Big opportunity for young a investor?

by Readers Question

10:14 AM, 6th November 2015
About 3 years ago

Big opportunity for young a investor?

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Big opportunity for young a investor?

I am 20 year old student with no prior experience in property. I know the very basics through reading some books. I am very keen to get into the buy to let business and my goal is to become a full time landlord when I am older.old

My granddad owns several houses and has offered to sell one of them to my mother for £10,000 below market value. My mother would get an interest only mortgage and then give full responsibility of the house to me, as long as her mortgage repayments were being paid she does not want anything to do with it.

Hence I would have to deal with repairs, putting tenants in the house etc etc (I would also keep any profit being made on the rent) I have £4,000 in savings and would really like to take this project on board but my questions is, am I taking on too much responsibility for a 20 year old inexperienced student with only £4,000 capital?

Once I am old enough my mother will sign over the mortgage to me and I could either sell or pull my deposit out and purchase another house.

PS. I do not know the current state of the house until next week while I have a viewing also house prices in area sell for £45,000 – £60,000.

Alexander



Comments

Neil Patterson

10:22 AM, 6th November 2015
About 3 years ago

Hi Alexander,

I don't think age is any kind of barrier in either direction. You can ride a motorcycle at 16 and I am sure BTL is far less dangerous.

In this circumstance, because you are not actually doing the investing and your Mum will borrow the money and own the property you need to consider the tax implications as the profit will be taxable income for your Mum. She can pay you a reasonable amount for managing the property, but you can't just take the profit.

Ross McColl

11:28 AM, 6th November 2015
About 3 years ago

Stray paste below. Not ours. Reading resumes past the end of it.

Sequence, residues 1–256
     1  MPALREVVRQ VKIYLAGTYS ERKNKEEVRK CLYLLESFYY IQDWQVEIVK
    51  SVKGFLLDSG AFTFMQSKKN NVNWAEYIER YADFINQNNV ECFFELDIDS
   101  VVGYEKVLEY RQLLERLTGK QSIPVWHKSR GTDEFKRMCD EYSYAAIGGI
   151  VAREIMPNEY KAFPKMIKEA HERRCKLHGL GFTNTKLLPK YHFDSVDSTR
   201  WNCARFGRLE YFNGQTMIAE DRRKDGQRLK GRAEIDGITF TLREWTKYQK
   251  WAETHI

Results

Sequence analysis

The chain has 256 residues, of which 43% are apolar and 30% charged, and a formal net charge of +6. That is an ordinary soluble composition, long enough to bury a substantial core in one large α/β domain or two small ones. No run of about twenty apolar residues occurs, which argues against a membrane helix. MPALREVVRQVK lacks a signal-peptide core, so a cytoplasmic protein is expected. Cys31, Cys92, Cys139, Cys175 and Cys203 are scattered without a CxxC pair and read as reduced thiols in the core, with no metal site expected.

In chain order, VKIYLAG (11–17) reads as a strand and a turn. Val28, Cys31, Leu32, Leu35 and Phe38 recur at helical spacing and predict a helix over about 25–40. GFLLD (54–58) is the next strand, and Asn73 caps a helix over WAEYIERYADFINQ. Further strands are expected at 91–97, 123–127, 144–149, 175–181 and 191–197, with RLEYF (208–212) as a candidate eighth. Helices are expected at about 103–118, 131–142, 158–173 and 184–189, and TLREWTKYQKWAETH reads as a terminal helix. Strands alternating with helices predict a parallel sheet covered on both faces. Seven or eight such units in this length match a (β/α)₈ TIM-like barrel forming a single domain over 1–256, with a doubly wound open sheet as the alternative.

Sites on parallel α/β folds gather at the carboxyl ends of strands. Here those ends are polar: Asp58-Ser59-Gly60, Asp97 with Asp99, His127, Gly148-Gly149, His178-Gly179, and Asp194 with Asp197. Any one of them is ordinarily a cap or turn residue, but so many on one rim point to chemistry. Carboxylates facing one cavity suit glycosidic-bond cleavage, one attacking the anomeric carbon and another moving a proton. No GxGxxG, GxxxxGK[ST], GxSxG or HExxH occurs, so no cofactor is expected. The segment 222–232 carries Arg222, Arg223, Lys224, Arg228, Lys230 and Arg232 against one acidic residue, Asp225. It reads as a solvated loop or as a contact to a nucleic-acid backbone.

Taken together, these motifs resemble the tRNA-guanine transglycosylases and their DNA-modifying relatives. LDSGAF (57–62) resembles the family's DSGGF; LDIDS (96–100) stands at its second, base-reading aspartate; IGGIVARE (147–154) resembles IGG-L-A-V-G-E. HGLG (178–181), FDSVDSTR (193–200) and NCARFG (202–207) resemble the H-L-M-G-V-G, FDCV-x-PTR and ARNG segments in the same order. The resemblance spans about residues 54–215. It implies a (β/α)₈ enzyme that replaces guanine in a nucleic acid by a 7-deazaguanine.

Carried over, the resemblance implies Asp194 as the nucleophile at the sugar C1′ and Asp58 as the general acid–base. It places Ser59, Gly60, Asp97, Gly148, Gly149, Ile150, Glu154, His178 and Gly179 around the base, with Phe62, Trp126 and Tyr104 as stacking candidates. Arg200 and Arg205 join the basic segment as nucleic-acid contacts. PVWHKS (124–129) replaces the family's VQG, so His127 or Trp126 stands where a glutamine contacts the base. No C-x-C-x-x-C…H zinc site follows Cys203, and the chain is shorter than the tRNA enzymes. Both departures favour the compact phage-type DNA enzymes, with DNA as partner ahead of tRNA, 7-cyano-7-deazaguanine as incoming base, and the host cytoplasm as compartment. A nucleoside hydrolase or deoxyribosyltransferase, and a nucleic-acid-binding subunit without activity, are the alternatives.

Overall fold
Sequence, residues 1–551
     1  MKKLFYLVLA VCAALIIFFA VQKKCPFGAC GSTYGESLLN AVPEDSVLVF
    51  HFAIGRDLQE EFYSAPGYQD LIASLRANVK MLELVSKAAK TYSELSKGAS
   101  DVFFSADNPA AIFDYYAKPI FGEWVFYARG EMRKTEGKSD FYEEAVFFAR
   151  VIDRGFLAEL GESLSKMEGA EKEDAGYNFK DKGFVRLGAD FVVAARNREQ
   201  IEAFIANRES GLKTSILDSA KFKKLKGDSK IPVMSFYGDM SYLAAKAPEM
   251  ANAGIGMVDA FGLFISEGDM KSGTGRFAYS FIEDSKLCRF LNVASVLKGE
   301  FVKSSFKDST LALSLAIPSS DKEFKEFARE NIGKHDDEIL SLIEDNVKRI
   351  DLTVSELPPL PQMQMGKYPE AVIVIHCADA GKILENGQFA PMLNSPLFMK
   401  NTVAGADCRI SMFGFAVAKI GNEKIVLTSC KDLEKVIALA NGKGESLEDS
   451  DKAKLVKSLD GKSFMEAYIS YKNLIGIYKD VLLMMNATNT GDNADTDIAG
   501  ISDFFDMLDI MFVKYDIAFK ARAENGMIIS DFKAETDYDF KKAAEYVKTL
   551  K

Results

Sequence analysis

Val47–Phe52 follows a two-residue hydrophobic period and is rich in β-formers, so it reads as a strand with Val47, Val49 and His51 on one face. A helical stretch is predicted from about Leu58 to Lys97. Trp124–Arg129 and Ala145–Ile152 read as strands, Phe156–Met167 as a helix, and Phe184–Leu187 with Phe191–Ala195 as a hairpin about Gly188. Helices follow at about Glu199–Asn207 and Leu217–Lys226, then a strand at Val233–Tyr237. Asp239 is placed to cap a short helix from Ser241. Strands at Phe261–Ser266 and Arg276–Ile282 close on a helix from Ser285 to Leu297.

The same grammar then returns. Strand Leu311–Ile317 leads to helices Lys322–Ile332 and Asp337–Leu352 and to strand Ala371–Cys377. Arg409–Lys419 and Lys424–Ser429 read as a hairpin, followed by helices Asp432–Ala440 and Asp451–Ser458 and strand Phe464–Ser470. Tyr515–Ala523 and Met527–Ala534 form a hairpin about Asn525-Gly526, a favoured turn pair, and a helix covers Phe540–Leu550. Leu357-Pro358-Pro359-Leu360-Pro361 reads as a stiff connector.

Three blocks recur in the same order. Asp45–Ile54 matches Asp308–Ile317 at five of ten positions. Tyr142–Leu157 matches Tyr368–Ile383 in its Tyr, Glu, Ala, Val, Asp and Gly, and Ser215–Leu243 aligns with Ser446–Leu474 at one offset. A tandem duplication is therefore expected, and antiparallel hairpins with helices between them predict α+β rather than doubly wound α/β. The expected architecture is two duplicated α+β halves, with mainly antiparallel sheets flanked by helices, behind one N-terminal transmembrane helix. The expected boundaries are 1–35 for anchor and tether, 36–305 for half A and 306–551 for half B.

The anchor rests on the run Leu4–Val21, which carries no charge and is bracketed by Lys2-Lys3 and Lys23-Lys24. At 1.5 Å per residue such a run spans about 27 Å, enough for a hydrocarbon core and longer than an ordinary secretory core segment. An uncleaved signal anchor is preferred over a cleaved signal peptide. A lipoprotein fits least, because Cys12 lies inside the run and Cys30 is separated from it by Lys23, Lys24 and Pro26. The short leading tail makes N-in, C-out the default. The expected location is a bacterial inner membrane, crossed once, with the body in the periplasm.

Buying at below market value could raise questions as far as inheritance tax is concerned. This will also increase any capital gains tax on the property when you try to realise its full value. The most efficient price from a capital gains perspective for the property to be sold from your grandfather to your mother would surely be the original purchase price plus your capital gains allowance. Just a couple of things to be wary of.

Alison King

11:45 AM, 6th November 2015
About 3 years ago

The responsibility will be good for you and I expect you will enjoy it and learn a lot too. Working out how to make the available money go as far as possible will be part of the challenge, so enjoy it and don't get stressed.
From a tax perspective you would be wise to look at all the options. For example, it may be worth investigating whether you can put the property in joint names and/or share the mortgage so you can divide the tax burden and also benefit from joint capital gains allowance. Operating as a business with your mother as a partner may be another option. But all this needs looking into in detail and that will be your first job I expect.

Tony Atkins

11:49 AM, 6th November 2015
About 3 years ago

I would ask your grandfather to act as your mentor for the first year or two while you find your feet. You could have regular meetings at the house, perhaps with your mother too, to go over what has happened and what you've learnt, and to review the accounts. That way you get to benefit from his experience and he gets to check everything is OK, never mind just enjoying each other's company.

I don't understand why your grandfather needs to sell the house to her at £10K below market value. Is it to save himself CGT? But as Ross says, this only exposes you to increased CGT and even IHT issues later on. If it's a question of the size of the mortgage, could he not loan or gift you and your mother the extra deposit needed?